ABERDEEN PRESS JOURNAL
FANTASY AND GENIUS.
MOONCHILD, By Aleister Crowley. Mandrake Press : 10s 6d.
“Moonchild” is one of the most extraordinary fantastic yet attractive novels we have read. A twice-divorced “widow” falls in love with Cyril Grey, who turns out to be a magician and member of an altogether saintly order of thaumaturgists. It is desired that Grey’s child by this woman shall be fashioned by pre-natal influences that it will grow up to be a great regenerator of mankind. A hostile corps of magicians set themselves to frustrate this experiment and a battle of demonology rages round the Neapolitan villa where the honeymoon couple have their quarters. The upshot need not be disclosed, but it’s significance is rather more obscure than that of the body of the story.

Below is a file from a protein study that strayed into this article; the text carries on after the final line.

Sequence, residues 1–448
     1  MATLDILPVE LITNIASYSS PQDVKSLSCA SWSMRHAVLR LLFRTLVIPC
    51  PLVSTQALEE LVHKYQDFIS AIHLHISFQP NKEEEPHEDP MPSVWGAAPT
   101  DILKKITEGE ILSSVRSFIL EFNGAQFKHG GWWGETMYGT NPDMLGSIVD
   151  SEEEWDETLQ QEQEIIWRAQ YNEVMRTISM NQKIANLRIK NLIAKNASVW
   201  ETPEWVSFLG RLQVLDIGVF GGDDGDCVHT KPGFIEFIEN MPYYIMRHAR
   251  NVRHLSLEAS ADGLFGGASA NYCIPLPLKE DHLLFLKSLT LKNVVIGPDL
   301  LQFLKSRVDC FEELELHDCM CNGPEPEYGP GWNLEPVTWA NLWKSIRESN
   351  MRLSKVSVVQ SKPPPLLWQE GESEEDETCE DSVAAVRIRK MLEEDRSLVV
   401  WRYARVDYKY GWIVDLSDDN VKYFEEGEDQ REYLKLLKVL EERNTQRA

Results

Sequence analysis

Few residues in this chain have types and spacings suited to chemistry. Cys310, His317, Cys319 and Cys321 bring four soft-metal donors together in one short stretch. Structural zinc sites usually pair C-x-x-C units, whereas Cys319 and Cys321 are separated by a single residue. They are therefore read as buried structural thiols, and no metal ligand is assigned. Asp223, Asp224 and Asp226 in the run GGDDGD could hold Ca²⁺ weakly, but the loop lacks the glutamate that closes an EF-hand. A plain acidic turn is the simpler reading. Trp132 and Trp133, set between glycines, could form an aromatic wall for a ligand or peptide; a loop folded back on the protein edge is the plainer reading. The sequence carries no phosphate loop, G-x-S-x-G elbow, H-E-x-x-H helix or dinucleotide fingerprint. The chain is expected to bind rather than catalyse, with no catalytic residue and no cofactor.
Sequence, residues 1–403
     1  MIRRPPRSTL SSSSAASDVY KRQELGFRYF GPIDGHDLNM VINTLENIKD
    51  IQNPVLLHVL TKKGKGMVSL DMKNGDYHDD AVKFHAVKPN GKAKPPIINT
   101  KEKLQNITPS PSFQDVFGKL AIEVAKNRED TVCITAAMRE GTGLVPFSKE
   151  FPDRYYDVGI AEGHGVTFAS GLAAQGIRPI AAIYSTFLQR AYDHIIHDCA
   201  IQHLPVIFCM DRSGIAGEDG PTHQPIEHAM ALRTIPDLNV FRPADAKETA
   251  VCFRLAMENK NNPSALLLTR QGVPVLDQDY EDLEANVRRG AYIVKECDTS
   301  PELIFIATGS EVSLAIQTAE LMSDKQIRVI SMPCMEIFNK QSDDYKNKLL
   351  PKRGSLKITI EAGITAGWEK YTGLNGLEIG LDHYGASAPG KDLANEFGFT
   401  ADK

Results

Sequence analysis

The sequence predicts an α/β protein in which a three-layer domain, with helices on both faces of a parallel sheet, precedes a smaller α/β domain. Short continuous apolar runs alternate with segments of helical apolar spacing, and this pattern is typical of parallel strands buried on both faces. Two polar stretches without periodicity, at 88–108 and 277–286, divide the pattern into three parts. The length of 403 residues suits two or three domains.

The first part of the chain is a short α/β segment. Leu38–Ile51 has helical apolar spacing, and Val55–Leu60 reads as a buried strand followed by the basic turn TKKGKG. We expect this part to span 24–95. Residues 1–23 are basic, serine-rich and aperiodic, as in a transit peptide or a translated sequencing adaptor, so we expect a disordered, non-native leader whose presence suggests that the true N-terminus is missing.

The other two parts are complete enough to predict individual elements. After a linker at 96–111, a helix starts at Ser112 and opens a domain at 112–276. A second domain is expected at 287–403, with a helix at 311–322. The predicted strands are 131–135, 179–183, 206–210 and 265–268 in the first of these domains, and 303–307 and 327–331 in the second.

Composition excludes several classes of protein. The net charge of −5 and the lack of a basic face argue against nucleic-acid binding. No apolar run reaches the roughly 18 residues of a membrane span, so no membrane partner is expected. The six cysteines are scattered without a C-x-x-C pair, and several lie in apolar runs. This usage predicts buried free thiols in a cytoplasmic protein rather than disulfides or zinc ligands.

The charm of “Moonchild” lies in the telling. We are constantly reminded of the moods of Anatole France and the methods of Rabelais. From extensive dissertations on magic and spiritualism we are suddenly switched into humour that is sometimes normal, sometimes sardonic. From a glimpse into the blackest mysteries of Ilecate we are transferred to a wonderful white vision of the poets. From the trivialities of peace we emerge into the horrors of the Great War. “Moonchild” is not more fantastic than a thorough going “thriller”, but it is also a satire and an allegory, full of disorder and genius.